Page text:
Serge Jabbour, MD, and Jasmine D. Gonzalvo, PharmD, discuss the need for insulin intensification in patients who are not reaching their glycemic targets on their current regimen.
Serge Jabbour, MD: When we see patients with type 2 diabetes, one thing I explain to them all the time is that by the time they see me for the first time, they probably had diabetes for many years and they’ve lost at least 80% of their beta cell function—which means at some point in the next 5 to 10 years, their beta cells are going to burn out completely. That’s why many patients with diabetes would end up needing insulin. So, it’s a disease where you have progressive destruction of the beta cells, and insulin is something many patients with diabetes will need at some point. Insulin works all the time, most of the time, as long as you use the right combination and you titrate the insulin the right way.
The problem is, when patients end up on basal insulin at mealtime, which typically is 4 injections a day, sometimes more—it depends on how many times they eat per day—compliance can be a factor. Patients don’t want to inject that many times a day. If they adopt noncompliance, their A1C level will never be at goal. And high A1C, as we know, is linked to many complications like retinopathy, nephropathy, and, over time, also CV events like heart attack and stroke. That’s why finding a way to give the insulin in fewer injections per day will improved compliance and achieve the goal of an A1C level of less than 7%, as defined by the ADA [American Diabetes Association] guidelines.
Jasmine D. Gonzalvo, PharmD: The barriers for increasing insulin, or really taking insulin as prescribed, most often relate to the cost of insulin and cost of diabetes medications or diabetes supplies. Weight gain is another obstacle or barrier for people who would maybe need to increase their insulin doses. Oftentimes, patients know that weight gain comes along with insulin dose increases. And so, weight gain can be a very common barrier for patients who want to increase their dose or who even just decide not to increase their insulin dose. From there, the only other barrier that I really see is this idea that patients think increasing insulin doses are too high, and it feels like too much medication. Not wanting to take so much medication is another barrier to insulin intensification or dose increases.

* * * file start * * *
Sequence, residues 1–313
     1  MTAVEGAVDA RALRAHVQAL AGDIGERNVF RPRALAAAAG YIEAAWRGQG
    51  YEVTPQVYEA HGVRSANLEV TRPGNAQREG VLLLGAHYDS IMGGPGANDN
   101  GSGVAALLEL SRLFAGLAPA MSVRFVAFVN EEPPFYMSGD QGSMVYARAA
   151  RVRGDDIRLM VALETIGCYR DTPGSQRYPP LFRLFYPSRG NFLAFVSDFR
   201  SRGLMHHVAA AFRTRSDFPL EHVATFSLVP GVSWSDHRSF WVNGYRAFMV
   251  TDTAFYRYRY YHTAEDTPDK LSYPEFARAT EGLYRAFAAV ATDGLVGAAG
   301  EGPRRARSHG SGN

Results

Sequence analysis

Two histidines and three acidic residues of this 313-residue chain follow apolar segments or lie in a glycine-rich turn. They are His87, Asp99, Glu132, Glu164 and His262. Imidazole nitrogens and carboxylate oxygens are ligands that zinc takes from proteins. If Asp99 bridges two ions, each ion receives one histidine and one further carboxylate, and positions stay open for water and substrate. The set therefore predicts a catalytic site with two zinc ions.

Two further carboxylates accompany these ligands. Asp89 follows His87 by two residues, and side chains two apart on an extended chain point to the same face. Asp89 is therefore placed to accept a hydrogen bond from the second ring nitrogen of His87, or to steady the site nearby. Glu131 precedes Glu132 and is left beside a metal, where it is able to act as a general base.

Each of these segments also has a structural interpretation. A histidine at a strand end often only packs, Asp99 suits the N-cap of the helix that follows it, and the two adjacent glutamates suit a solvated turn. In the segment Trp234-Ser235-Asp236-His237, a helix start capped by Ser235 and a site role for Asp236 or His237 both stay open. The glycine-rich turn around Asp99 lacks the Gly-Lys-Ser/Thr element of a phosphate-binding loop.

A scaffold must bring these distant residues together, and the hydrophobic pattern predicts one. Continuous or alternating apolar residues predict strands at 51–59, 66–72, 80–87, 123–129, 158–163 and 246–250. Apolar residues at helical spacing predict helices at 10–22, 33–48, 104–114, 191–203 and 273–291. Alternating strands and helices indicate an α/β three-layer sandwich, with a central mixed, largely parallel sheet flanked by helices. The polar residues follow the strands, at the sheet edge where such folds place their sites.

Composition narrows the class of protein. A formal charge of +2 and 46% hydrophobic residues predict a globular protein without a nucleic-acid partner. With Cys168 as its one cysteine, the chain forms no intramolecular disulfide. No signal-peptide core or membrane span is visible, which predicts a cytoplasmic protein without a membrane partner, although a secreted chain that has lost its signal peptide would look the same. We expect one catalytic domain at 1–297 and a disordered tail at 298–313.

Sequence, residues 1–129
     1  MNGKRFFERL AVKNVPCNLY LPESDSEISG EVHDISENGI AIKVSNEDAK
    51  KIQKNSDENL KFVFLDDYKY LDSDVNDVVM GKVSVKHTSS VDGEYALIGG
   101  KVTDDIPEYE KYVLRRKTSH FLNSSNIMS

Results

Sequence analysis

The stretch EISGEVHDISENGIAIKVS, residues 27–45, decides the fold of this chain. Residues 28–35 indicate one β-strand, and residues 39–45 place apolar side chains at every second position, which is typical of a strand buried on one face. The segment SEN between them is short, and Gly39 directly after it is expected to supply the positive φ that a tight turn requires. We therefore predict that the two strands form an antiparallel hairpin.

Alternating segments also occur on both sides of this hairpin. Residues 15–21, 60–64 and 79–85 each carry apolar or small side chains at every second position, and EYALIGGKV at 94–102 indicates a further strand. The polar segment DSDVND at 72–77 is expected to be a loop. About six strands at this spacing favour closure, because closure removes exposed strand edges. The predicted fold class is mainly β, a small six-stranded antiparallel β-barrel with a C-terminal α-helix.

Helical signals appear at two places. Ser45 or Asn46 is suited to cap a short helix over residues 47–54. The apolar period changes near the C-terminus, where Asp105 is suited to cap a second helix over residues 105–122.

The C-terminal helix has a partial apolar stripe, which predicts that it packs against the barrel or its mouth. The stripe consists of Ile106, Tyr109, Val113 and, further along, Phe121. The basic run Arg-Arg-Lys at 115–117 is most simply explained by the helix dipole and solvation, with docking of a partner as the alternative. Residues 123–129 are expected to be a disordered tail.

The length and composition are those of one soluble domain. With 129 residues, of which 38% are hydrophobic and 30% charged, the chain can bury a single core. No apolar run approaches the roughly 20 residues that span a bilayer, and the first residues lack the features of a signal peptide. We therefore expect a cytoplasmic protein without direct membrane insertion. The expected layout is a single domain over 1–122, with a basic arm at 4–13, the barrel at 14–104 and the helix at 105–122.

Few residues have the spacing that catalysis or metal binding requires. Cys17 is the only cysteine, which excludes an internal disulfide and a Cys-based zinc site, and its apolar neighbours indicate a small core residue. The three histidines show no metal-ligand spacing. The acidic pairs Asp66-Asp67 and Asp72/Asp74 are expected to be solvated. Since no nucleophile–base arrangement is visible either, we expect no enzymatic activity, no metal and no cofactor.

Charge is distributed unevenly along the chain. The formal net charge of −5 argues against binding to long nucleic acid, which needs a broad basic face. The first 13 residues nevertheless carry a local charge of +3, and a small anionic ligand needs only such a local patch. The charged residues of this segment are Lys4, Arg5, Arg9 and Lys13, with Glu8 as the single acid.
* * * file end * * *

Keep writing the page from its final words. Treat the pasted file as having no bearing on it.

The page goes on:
Serge Jabbour, MD: When we start insulin therapy and we titrate the insulin dose—that could be basal, mealtime—to get the sugars down to goal, we find that there are patients who may need high doses of insulin. Sometimes, it’s a high dose for 1 injection, where the pen cannot give you the full dose in 1 single shot. For example, there are mealtime incidents where, when you dial the dose in the pen, it doesn’t go above 60 units. With basal insulin, it could be up to 80 units. So, when a patient needs more than that amount for 1 injection, they have to inject twice at the same time. There are patients who may end up not only on 4 shots a day but even on 6 or 7 shots a day. That can affect compliance, which can lead to higher blood sugars or high A1C levels over time. That’s why there was a need at some point to find ways to improve compliance and make sure patients get a higher dose of insulin per injection, getting less volume when it comes to injecting insulins.